NOTE: A basis point equals 1/100th of one percent. If a 10-year Treasury yielded 1.6 percent, and a 5-year Treasury yielded 1.3 percent, then the longer dated Treasury bond would yield 30 basis points more but also require a holding period twice as long.
Such a question is a very good one, and the answer has to do with the profile of an investor who would want to lock in such a long-term return up front. Until recently, the majority of these securities were purchased by pension funds and insurance companies who engage in a practice called “asset-liability matching.”
For example, if a pension manager calculated that the fund would need to pay its recipients $50 million in thirty years, which is a liability for the fund, they could purchase 30-year Treasuries today, which is an asset that would return that exact amount in 2046. These investors who need to match assets to liabilities are far more concerned with meeting their obligations than beating investment benchmarks, so they are willing to forego higher returns for the safety of knowing that the money will be there when they need it.
There is a third type of investor that has come on the scene over the past few years who has no interest in asset-liability matching. These are speculators who have been placing big bets that global interest rates would continue to fall, and there’s no denying that the returns have been strong due to the interest rate sensitivity inherent within longer-term debt. However, what the pundits rarely point out is the amount of risk that these speculators have assumed along the way. To put it lightly, Blaise Pascal would not approve.
IMPLICATIONS FOR INVESTORS
One vital lesson from Pascal’s Wager is that even if the odds that something will happen are small, we should still consider that slim possibility if the potential consequences are enormous. In March, I wrote about the rising interest rate risk across global government bond markets. As bond yields continued to fall towards – and even beyond – zero, investor returns had become incredibly vulnerable to small movements in bond prices and yields. At one point, a whole year of income could have been erased by a tiny uptick in interest rates.
For example, back then, all it would have taken to erase the next 12 months of returns in German 10- year government bonds was a five basis point rise in the yield. Japan was closer to one basis point (again that’s 1/100th of one percent). More broadly, a half-percentage point increase would have wiped out $1.6 trillion of value in the global government bond market, according to research from Bank of America.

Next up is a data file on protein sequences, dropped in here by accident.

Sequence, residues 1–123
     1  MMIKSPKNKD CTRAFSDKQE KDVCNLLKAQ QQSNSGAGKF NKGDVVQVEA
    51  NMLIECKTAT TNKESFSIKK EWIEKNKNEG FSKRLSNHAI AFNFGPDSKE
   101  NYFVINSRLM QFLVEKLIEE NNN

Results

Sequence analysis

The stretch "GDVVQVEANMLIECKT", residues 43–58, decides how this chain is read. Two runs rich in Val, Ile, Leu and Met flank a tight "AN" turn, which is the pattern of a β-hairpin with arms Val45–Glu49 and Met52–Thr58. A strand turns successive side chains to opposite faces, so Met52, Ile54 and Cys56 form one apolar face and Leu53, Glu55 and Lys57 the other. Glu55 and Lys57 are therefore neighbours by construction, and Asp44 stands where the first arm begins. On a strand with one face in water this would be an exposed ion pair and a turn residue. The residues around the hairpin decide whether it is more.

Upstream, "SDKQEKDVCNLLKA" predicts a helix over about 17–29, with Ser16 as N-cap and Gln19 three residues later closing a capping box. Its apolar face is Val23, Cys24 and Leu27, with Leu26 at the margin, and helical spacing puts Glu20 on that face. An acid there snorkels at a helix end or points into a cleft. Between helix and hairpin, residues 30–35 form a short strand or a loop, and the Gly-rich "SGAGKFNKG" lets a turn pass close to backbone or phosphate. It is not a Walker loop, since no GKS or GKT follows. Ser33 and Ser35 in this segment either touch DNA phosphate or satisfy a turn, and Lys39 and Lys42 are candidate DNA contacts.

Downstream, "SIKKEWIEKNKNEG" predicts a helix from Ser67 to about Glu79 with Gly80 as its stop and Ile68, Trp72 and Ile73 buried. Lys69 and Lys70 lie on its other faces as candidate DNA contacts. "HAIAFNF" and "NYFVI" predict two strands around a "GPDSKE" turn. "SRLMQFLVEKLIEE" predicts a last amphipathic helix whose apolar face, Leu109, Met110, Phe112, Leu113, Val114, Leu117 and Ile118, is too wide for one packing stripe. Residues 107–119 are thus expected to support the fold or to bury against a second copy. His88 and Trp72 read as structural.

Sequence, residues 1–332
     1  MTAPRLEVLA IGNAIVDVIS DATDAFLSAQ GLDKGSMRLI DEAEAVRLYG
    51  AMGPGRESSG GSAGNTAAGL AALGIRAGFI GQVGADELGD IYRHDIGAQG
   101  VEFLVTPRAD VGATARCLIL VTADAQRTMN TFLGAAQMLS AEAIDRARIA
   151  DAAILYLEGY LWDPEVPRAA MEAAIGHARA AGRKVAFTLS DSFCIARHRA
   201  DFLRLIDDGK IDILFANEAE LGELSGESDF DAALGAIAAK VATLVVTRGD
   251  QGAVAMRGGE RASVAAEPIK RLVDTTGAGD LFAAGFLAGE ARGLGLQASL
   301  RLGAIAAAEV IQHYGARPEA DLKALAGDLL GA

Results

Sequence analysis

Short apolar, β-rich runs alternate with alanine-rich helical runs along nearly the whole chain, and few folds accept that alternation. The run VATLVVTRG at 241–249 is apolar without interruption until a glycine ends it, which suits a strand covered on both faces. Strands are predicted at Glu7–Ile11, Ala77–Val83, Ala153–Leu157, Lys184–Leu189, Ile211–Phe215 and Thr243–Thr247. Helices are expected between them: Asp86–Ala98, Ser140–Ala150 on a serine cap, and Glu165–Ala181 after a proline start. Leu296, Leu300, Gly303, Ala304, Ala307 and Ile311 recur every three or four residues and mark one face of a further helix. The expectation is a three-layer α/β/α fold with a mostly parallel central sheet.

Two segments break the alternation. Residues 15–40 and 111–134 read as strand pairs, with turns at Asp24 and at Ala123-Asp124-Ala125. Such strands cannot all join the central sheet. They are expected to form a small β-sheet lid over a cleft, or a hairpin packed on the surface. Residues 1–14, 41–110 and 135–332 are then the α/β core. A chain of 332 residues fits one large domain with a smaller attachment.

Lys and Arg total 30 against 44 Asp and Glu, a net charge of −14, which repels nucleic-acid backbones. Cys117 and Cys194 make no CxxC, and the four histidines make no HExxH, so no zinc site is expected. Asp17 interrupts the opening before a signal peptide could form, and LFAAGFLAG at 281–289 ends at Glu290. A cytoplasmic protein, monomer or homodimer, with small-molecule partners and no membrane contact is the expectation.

The situation is now even more alarming in some regions, and those speculators who have no intention of holding a 30-year government bond for decades would benefit from the teachings of Blaise Pascal. Many pundits feel that central banks, particularly the Fed, will continue to keep interest rates lower for longer. Admittedly, I tend to agree. This scenario would continue to benefit the speculators, but what if we are all wrong? What would happen if rates began to rise or if a central bank changed their policy on a whim?
These questions are not so far-fetched. For example, back in January 2015, the Swiss National Bank (SNB) announced that they were ending a currency peg against the Euro. This move shocked the investment world, particularly since a few days prior they had announced that the peg would stay in place, and the resulting volatility was some of the most violent ever witnessed in currency markets and put a lot of professional money managers out of business. Since a precedent exists for central banks to occasionally catch investors flat-footed, let’s assess the impact of a surprise interest rate hike via a modified Pascal’s Wager below.
At the moment, long-term Treasuries screen as very expensive relative to two years ago. This means the expected return (benefit) going forward is smaller, and the risk to the downside (cost) is larger.
Therefore, if rates stay lower for longer and central banks don’t surprise us, then these assets may rise in price but not as much as in the past due to current valuations. However, if they do surprise, even as improbable as it may seem, it could be a bloodbath for anyone with too much exposure who did not get out in time. In such a scenario, I would wager that Pascal would ignore the pundits and keep any allocation to long-term Treasuries to a minimum.
Mike Sorrentino, CFA
Aviance Capital Management